RE: The Catcher in the Rye help with homework Chapter 25
- How is Holden’s physical condition deteriorating in this chapter?
- How is Holden’s mental condition deteriorating in this chapter?
- What indication is there that Holden may be starting to question his own generalizations?
- Why does Holden want to be a deaf mute?
- Relate the writing on the wall at Phoebe’s school to Holden’s wanting to be a “catcher in the rye.”
What indication is there that Holden may be starting to question his own generalizations?
This chapter, many readers think, contains the culmination of the novel: the instant when Holden decides to refuse the imagination of the cabin in the West and reconnect with his home. Some readers explain his decision as a sort of crash or at least an acceptance of hopelessness because of Holden’s reaction to the shameful graffiti he encounters where children will see it. Readers are right that Holden decides he cannot clean up the world to make it safe for innocent children.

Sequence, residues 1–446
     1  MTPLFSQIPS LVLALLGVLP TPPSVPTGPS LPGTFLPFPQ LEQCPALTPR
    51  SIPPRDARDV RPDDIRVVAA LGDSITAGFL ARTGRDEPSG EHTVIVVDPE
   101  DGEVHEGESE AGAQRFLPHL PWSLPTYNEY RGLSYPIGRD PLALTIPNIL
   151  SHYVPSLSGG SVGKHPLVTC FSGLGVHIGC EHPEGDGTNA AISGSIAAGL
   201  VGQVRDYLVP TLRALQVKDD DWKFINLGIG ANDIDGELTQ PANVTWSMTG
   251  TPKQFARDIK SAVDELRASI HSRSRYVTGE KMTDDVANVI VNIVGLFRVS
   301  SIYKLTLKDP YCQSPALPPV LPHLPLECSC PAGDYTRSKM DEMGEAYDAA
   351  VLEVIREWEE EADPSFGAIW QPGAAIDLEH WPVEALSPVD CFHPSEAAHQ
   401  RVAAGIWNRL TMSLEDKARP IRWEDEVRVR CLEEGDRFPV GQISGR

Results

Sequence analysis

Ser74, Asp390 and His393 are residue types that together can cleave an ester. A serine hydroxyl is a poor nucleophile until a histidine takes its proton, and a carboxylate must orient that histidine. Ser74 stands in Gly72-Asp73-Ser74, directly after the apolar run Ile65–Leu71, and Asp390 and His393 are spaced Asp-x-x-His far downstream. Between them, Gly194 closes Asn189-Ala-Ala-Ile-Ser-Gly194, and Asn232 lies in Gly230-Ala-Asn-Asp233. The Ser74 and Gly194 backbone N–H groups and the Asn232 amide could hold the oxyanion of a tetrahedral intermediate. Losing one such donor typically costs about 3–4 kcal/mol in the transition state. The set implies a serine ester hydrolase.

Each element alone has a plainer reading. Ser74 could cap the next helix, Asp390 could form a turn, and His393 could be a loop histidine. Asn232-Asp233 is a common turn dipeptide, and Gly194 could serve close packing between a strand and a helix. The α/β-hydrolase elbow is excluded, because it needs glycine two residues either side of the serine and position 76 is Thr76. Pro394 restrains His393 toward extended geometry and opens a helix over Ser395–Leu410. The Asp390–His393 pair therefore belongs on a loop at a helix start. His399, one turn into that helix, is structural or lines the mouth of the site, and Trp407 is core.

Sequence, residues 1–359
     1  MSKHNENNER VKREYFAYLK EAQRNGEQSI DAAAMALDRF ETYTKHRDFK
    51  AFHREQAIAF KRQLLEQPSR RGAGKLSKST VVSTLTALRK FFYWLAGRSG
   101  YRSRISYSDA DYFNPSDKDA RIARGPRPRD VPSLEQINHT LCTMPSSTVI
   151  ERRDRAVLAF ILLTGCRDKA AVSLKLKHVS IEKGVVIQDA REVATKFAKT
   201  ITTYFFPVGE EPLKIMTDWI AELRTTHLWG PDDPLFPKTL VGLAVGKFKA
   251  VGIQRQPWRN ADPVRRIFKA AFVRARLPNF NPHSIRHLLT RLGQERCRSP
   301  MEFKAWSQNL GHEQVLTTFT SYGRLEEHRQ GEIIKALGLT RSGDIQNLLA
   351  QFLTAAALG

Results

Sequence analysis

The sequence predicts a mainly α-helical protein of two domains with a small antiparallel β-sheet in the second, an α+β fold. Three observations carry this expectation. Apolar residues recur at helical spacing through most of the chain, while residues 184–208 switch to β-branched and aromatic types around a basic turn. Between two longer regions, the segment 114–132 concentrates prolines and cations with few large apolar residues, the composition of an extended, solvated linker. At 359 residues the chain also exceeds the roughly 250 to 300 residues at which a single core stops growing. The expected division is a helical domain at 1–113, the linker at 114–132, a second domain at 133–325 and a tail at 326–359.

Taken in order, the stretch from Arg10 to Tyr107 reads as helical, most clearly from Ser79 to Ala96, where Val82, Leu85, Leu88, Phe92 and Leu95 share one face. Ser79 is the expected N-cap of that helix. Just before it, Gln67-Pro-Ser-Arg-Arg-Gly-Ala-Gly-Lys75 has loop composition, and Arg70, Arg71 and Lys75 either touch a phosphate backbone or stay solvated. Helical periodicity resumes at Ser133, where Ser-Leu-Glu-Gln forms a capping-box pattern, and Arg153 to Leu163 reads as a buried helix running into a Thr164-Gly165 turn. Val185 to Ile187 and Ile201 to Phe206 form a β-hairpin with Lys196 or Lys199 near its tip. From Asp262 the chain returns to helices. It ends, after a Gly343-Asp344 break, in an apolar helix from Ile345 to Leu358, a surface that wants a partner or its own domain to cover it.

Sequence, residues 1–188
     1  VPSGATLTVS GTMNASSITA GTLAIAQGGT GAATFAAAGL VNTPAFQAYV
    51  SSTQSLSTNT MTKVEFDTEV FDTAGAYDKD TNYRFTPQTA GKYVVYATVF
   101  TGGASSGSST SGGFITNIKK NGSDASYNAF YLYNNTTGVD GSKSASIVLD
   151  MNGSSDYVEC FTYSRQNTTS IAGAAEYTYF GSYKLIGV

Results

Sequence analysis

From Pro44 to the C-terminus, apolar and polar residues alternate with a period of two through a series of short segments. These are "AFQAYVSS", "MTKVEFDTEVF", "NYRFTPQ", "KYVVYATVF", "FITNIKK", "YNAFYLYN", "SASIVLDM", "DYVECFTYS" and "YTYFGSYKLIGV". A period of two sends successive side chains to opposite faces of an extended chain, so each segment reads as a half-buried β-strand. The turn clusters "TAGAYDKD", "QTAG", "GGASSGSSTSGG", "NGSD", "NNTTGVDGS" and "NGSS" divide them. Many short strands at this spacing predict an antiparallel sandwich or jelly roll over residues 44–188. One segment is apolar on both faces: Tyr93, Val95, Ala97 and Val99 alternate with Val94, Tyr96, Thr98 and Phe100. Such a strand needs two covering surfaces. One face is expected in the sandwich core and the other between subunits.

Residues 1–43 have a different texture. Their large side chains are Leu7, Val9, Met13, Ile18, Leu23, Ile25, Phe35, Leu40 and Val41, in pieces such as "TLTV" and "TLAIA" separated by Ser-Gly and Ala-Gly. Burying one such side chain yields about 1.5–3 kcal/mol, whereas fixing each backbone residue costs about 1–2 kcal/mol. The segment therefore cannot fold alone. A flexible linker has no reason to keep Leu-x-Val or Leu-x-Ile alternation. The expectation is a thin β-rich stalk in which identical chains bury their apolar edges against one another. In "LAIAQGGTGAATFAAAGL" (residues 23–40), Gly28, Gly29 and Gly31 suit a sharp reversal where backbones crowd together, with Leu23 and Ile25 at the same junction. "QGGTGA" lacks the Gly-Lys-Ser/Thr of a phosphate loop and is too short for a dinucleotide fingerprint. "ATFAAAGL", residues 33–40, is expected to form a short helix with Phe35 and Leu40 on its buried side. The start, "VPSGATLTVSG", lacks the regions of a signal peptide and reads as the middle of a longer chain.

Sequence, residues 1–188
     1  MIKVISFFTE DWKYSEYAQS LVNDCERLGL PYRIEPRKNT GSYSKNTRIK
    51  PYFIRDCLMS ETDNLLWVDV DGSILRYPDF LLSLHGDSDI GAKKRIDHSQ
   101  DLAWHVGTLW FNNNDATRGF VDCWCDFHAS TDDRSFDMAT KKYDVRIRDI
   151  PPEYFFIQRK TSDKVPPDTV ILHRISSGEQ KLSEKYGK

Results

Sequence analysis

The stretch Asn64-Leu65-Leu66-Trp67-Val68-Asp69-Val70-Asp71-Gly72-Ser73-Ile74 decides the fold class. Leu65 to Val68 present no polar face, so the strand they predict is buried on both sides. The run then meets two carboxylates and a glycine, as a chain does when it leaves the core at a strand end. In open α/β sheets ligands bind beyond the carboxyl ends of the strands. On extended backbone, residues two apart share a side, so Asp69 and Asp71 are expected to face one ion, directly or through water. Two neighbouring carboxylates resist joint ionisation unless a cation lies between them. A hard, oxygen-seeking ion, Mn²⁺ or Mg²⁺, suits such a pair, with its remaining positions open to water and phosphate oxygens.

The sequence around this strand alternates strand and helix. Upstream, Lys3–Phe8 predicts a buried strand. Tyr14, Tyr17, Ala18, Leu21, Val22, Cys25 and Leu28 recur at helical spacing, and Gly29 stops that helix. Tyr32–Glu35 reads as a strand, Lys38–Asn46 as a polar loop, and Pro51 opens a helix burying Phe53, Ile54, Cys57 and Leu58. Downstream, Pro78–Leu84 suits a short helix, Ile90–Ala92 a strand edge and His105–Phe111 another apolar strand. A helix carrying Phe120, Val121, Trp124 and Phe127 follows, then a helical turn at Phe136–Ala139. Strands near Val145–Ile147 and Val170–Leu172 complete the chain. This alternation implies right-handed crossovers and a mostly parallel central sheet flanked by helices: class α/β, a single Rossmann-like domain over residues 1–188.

However, it may be that Holden has grasped that the cause he’d taken up, to be the “catcher” of the children near the cliff, is unrealistic, or at least that he’s going about the job wrong. Whatever Holden’s adult life entails, it won’t involve pretending to be a deaf-mute, avoiding conversation, and trying to rub out offending words. He turns his back on that hopeless quest and focuses instead on the children’s willingness to reach out for the gold ring, despite the risks.